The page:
Life is full of happy little accidents, mistakes that wind up working out in the end. They're the best part of, say, painting a picture or baking a pie. But where you don't find happy accidents is on the battlefield, where brilliant commanders will use the slightest misstep against you. In war, you do it right, or you die.
That's what you'd think, anyway. Sometimes, even in war, a little stupidity can work to your advantage.
5The British Accidentally Announce Their Surprise Attack on the News
In 1982, Great Britain and Argentina were fighting over a small island grouping called the Falklands, and Britain was losing. In need of a quick victory to reinvigorate the campaign, operational planners closed their eyes, took out a map and (we can only assume) played pin the tail on the Falklands to decide where to attack.
We attack here, at "Cow Pasture City."
The selected town was called Goose Green. To prepare, 690 Royal Marines stealthily broke off from the main contingent and moved down to set up the attack. It was all ready to go for May 28, but then ...
... the BBC announced the upcoming attack on their worldwide news, and yes, you guessed it, the Argentinians were watching.
"Look, we're on the news! Oh ... crap ..."
The British commander of the Royal Marines in the upcoming battle was furious, threatening to sue the BBC for ruining their plan of attack and spoiling their element of surprise.
But It Turned Out ...
The Argentinian commanders saw the broadcast and concluded that no attack would ever come, under the assumption that only total arrogant idiots would announce their plans via worldwide news service. The British, however, continued with their plans anyway. Did they know the Argentinians had let their guard down? Or did they just decide that if they had already gone through all this trouble, they might as well follow through?
We didn't drag this flag all the way here for nothing ...
When the British actually attacked the following day, the Argentinians were caught by an even more complete surprise, and the British easily won the battle, retaking Goose Green, reinvigorating the Falklands campaign and ultimately earning a victory.
4Unauthorized Invasion of France Leads to Victory on D-Day
On one morning in 1942, the British Lord Louis Mountbatten up and decided to invade France. Normally an easy task for anyone to accomplish, this time there were a few key differences. One, this was in the middle of World War II, so France was being occupied by the Nazis. And two, he did it without bothering to tell anyone on his side.
Mountbatten can be seen here with his medal for the smuggest-looking face ever.
He literally launched an invasion and didn't bother to let his superiors or just about any of the Allied command know what he was about to do. He ordered thousands of Canadian, British and American troops to capture the French coastal town of Dieppe and create a beachhead. What could honestly go wrong with this?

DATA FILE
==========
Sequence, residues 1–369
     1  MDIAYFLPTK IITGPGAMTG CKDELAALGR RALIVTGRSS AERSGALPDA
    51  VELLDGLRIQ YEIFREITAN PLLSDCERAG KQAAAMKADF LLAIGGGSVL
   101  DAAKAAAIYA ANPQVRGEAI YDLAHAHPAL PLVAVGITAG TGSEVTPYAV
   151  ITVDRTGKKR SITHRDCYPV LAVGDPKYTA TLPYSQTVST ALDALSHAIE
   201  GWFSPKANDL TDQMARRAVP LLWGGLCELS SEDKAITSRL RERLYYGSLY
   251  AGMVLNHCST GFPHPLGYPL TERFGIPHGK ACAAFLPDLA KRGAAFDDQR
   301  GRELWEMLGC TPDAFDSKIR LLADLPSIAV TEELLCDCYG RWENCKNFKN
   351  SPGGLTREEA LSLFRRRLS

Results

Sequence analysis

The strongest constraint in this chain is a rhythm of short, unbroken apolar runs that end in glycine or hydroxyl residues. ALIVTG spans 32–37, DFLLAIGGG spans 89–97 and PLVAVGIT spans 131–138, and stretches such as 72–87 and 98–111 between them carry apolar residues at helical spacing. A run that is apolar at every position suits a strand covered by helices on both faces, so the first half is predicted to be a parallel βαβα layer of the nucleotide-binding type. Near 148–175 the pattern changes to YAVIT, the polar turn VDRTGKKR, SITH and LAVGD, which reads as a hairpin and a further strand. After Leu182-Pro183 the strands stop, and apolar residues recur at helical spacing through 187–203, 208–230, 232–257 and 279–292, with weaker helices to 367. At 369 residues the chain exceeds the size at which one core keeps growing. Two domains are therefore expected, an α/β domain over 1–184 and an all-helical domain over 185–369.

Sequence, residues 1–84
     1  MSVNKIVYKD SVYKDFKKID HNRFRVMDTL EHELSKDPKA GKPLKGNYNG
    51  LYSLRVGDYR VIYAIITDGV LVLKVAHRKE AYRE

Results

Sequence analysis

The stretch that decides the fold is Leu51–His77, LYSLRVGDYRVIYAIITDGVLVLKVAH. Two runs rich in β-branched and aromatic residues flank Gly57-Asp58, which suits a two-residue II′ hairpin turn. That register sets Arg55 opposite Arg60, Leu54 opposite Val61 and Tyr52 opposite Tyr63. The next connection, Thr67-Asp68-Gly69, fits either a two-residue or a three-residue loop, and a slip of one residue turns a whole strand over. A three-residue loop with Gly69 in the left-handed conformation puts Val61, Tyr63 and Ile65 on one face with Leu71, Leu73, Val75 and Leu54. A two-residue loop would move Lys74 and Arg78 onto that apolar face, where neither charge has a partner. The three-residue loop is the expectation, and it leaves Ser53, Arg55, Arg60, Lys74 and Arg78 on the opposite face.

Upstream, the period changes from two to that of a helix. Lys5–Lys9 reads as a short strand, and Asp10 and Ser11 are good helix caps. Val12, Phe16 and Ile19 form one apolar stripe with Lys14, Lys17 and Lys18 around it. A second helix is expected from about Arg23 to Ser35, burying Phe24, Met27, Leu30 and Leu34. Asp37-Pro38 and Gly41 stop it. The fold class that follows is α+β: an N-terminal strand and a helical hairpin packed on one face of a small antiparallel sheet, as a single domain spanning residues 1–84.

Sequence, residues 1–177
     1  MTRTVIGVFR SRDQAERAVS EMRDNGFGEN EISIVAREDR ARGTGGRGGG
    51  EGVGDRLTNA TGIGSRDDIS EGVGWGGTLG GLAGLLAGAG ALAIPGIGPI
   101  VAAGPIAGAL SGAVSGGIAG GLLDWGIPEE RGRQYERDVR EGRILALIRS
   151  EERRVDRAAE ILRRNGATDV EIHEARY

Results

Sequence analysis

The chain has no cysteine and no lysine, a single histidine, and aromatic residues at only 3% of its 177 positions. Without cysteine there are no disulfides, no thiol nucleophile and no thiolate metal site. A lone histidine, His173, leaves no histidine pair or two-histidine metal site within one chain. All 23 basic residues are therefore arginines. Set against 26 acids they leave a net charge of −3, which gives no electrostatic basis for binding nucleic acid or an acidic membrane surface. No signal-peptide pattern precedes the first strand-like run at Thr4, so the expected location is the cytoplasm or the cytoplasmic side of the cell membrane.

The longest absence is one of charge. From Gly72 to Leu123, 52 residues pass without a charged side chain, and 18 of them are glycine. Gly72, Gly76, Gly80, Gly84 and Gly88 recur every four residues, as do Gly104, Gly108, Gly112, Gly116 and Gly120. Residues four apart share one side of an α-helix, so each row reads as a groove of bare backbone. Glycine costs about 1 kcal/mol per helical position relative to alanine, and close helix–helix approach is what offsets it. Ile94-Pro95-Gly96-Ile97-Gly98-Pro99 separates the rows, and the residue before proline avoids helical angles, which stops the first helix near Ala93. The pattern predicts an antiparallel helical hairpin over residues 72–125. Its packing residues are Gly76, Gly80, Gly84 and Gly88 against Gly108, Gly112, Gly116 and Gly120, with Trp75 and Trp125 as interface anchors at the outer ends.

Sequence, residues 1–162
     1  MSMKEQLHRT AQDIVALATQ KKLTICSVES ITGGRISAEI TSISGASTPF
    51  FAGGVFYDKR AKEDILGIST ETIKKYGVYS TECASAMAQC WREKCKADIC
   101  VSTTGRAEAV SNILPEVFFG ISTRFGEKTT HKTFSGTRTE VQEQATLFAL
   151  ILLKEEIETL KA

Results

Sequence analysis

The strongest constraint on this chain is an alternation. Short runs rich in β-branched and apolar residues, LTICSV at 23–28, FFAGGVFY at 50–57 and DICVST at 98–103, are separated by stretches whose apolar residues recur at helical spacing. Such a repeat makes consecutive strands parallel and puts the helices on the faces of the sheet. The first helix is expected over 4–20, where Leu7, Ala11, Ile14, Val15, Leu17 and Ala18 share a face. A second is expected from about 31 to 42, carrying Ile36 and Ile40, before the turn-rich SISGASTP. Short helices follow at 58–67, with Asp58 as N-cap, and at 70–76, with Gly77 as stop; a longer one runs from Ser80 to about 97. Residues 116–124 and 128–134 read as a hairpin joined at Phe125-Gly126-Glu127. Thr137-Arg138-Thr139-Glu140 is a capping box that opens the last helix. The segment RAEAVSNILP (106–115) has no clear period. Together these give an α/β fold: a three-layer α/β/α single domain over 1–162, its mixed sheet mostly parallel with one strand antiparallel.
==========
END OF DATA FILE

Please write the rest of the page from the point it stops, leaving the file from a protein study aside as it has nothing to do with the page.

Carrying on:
Since Mountbatten didn't bother to tell anyone about his plans, the force was sent in lacking many things a normal invasion force would have, such as proper resources, intelligence and also the backing of the British Home Command. Generally speaking, half-assed attacks without any support never really end well, and the Dieppe Raid was no exception.
"OK, here's the plan, run up that beach and shoot. That's it, really."
To start things off, Mountbatten's "plan" relied heavily on surprise, of which the British had none since SPOILER ALERT: the Germans knew they were coming.
From the moment the troops hit the beaches, the whole operation was screwed. Mountbatten had set his "plans" up like dominoes; if one thing went wrong, everything else failed. Sure enough, mere minutes after leaving for the beaches, boats began to get disoriented in the early morning darkness. When the Allied troops hit the beaches, all hell broke loose.
German Federal Archive
"Stop hogging all the kills, Hans."
They suffered a mind-blowing 73 percent loss rate. A whopping 100 percent of the equipment (tanks, jeeps, etc.) that landed on the beach was lost. After several hours of fighting, what was left of the Allied troops ran back for the boats in the most unorganized retreat imaginable, leaving the Nazis with a huge victory, and left Mountbatten as pretty much the most hated military figure in Canada.
He would go on to cup the Prince of Wales' man-breasts.
But It Turned Out ...
It's comforting to know that your disastrous failure could at least show somebody smarter than you how to succeed. That's exactly what happened here -- that clusterfuck of an invasion attempt gave the Allies precious info on how to handle an amphibious invasion in the future, particularly on D-Day.
German Federal Archive
"We should have brought floaties."
They now knew they'd need a large artillery barrage beforehand, paratroopers to land behind enemy lines and a far more flexible plan to account for conditions on the shore. It even led to the creation of a special tank just for D-Day, after every tank that landed at Dieppe was destroyed.
After the war, many military commanders remarked at the importance of the Dieppe invasion toward the victory at D-Day, with Winston Churchill himself saying that Dieppe was "an indispensable preliminary to full-scale operations."
But the most important lesson was never put this man in charge.